Once the sprawling home of much of New York City’s Italian population, Little Italy has become more of a tourist destination than a residential neighborhood. Little Italy previously spread from Canal Street north to Houston, but now its borders are limited to about four city blocks. Cobblestone streets dominate the area and are commonly featured in movies.Beautiful six-story walk-up buildings that housed the neighborhood’s Italian community are plentiful.
Little Italy is worth visiting for delicious imported Italian groceries and to see the Old Street, as well as a chance to glimpse some of the restaurants and bars made famous by gangsters and members of the Rat Pack.
The most Lavish, Luxurious, Landmarked ,Pre-war building downtown. This Represents The Beaux Arts Edwardian Baroque Renaissance Revival architecture of 240 Centre Street, (the renowned former Police Headquarters built between 1907-1909). The architects for the building were Hoppin & Koen. It was the Police headquarters from 1909 to 1973, converted to Cooperatives in 1988. The Building became landmarked in 1978, listed on the national register of Historic Places in 1980.
The South Street Seaport (Pier 17) is a designated historic district, distinct from the neighboring Financial District. It features some of the oldest architecture in downtown Manhattan, and includes the largest concentration of restored early 19th-century commercial buildings in the city. This includes renovated original mercantile buildings, renovated sailing ships, the former Fulton Fish Market, and modern tourist malls featuring food, shopping and nightlife, with a view of the Brooklyn Bridge.
From Pier 17, we took a cruise to get a close up view of the 3 bridges along the east river, the statue of liberty, and Manhattan / New Jersey skyline. The Brooklyn Bridge opened in 1883. At the time, it was the longest ever suspension bridge. It has been designated a National Historic Landmark by the National Park Service, and a New York City Landmark by the Landmarks Preservation Commission.
Just behind the Brooklyn Bridge, you can see the Manhattan Bridge that was opened in 1909. The Manhattan Bridge is a two-decked suspension bridge that carries automobile, subway and pedestrian traffic over the East River. Because it was conceived after the Brooklyn and Williamsburg Bridges, it was called Bridge No. 3 in its planning phase. The bridge is distinguished by an elaborate stone portal and plaza at its Manhattan end.
Here’s a vew of the three bridges: Brooklyn, Manhattan, and Williamsburg. The Williamsburg Bridge is a suspension bridge designed by Leffert Lefferts and was opened in 1883. It was to support six railway tracks. Down the center are two elevated railroad tracks, still in use for the JMZ trains, that run into an underground station in Manhattan, originally a terminal, under the north side of the bridge plaza.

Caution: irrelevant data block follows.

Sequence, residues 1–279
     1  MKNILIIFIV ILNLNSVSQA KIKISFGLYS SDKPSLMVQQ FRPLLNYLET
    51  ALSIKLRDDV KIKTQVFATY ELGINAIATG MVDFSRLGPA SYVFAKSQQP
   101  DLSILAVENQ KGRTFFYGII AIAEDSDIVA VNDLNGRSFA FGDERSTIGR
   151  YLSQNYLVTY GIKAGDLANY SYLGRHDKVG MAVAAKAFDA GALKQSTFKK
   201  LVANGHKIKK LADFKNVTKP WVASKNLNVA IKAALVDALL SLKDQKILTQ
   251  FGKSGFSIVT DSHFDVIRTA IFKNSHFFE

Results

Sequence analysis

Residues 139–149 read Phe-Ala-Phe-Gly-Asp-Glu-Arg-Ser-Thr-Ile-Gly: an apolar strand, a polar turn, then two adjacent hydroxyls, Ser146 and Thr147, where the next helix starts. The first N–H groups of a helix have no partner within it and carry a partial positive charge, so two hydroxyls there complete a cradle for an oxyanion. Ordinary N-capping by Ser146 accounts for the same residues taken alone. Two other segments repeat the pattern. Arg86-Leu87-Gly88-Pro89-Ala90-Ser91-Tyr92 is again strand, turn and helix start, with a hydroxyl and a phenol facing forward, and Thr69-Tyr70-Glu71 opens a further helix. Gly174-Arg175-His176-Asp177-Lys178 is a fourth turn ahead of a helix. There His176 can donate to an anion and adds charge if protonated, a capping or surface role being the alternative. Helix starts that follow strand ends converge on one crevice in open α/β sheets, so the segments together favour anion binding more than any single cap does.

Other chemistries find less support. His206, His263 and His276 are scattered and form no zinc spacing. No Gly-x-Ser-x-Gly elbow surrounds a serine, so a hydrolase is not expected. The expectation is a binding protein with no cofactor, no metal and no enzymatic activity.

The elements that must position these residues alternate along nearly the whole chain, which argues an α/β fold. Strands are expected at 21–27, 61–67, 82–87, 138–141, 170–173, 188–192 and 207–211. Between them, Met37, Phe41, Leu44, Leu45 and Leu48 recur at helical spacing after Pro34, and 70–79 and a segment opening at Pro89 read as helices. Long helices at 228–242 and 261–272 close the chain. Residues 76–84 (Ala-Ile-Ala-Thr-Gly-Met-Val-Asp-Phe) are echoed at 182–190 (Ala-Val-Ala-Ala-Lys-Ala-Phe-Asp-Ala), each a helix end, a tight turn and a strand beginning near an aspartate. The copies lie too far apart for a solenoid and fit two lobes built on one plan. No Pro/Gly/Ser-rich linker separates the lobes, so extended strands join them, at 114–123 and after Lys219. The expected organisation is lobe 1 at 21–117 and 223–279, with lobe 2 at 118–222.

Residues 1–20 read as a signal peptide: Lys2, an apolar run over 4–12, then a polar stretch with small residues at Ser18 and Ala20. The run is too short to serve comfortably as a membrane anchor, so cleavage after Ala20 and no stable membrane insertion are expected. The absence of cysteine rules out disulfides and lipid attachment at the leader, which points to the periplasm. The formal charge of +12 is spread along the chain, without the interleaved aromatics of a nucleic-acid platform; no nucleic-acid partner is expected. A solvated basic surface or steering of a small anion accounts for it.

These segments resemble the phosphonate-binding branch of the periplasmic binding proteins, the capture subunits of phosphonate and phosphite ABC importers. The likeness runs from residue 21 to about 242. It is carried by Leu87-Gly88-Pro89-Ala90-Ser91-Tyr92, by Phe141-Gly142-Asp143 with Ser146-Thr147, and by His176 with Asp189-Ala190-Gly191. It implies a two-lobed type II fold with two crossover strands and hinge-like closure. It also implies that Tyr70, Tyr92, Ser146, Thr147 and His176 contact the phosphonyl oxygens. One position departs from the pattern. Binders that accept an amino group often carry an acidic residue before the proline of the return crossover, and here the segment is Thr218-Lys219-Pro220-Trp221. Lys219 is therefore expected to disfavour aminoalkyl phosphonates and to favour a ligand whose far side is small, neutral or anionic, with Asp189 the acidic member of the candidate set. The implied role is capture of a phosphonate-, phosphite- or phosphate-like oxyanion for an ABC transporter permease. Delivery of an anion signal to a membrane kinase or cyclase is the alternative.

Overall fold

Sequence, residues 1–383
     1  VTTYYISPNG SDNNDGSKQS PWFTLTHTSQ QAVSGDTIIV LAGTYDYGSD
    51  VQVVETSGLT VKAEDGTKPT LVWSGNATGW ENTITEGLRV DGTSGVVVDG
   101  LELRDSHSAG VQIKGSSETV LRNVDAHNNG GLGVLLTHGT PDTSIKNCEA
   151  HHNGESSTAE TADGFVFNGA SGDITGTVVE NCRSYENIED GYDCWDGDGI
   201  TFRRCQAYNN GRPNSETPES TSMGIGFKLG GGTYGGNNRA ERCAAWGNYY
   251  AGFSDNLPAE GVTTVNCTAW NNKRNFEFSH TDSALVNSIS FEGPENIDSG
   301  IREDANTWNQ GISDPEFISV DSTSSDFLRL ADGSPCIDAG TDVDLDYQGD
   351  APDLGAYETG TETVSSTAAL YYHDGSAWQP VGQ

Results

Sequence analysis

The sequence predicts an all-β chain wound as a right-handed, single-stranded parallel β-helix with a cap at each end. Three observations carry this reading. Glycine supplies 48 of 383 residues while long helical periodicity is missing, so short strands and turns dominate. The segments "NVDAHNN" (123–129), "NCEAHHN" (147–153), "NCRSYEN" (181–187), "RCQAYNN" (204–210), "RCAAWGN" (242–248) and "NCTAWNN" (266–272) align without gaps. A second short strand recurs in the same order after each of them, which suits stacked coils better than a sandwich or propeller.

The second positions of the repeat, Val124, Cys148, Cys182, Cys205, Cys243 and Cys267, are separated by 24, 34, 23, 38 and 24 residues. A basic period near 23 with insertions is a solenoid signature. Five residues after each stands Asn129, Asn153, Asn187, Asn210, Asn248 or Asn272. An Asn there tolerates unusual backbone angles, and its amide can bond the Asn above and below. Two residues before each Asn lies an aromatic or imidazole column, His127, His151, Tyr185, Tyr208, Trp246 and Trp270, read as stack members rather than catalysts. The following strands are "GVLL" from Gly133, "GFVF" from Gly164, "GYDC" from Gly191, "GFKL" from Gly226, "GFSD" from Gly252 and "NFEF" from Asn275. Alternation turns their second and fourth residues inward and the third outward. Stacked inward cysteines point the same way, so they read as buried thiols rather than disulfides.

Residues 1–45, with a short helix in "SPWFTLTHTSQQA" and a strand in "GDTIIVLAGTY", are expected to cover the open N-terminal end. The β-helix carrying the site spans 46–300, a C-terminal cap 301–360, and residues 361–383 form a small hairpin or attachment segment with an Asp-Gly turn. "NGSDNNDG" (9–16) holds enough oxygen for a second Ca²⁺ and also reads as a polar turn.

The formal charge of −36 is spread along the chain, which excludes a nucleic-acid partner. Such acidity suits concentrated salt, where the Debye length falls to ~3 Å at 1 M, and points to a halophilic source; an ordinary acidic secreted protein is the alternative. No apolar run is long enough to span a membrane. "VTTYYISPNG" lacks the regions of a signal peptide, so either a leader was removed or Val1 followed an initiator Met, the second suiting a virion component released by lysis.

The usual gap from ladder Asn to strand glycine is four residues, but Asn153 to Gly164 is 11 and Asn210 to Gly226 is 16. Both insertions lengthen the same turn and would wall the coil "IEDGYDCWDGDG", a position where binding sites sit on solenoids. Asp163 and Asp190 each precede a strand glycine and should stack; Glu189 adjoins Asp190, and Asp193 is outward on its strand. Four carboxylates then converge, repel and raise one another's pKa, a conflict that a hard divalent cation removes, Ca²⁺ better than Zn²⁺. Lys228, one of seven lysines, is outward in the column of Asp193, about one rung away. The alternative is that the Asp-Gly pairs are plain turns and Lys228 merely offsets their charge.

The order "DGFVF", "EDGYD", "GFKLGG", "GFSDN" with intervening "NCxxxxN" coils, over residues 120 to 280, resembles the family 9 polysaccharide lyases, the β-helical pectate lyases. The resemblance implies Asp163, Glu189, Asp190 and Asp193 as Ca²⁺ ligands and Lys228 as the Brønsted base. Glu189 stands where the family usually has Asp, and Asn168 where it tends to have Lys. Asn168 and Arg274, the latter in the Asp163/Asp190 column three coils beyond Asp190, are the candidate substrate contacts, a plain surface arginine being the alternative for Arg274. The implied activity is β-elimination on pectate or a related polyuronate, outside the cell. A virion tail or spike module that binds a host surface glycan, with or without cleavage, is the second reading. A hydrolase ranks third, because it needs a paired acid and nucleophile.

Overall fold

The original World Trade Center was a complex with seven buildings featuring landmark twin towers. The complex opened on April 4, 1973, and was destroyed in 2001 in the September 11 attacks. The site is being rebuilt with five new skyscrapers and a memorial to the casualties of the attacks. We can see two (shiny blue) towers still under construction towering over most of the city skyline. It became the tallest building in New York City on April 30, 2012, and is expected to be finished by 2013. A sixth tower is awaiting confirmation.
Fritz Koenig’s World Trade Center sphere sculpture — which once anchored the plaza between the Twin Towers and was dented but not destroyed on 9/11. It was pulled from the rubble of the World Trade Center that became an iconic symbol following the attacks. Although it remained structurally intact, it had been visibly damaged by debris from the airliners that were crashed into the buildings and from the collapsing skyscrapers themselves. It is currently displayed in Battery Park.
The Statue of Liberty Enlightening the World was a gift of friendship from the people of France to the people of the United States and is a universal symbol of freedom and democracy. The Statue of Liberty was dedicated on October 28, 1886, designated as a National Monument in 1924 and restored for her centennial on July 4, 1986.
The true color of the Statue of Liberty before patination was a shiny reddish brown color. She is coated with a layer of copper, which turns a blue-green with age due to chemical reactions between metal and water. This process is known as patination and occurs with most copper when it’s placed outside.
The familiar octagonal Colgate clock, facing Manhattan, dates back to 1924 when it was set in motion on December 1 by Jersey City’s Mayor Frank Hague. Located on the former site of Colgate-Palmolive & Company, it is a reminder of the time when factories dominated the Jersey City’s waterfront. The clock’s design was inspired by the shape of a bar of Octagon Soap, first manufactured by Colgate as a laundry cleanser. Colgate clock at bottom left corner below.
The surface of the clock is 1,963.5 square feet and 50 feet in diameter. The minute hand is 25 feet, 10 inches long; the hour hand is 20 feet long. The timepiece can be adjusted and is maintained to stay within one minute of accurate time. There was a small master clock at Colgate that was checked against the US Naval Observatory in Washington, DC. The clock’s mechanism is like that of a traditional wall clock with weights and wheels but is powered by twenty-eight large-volt batteries that are recharged.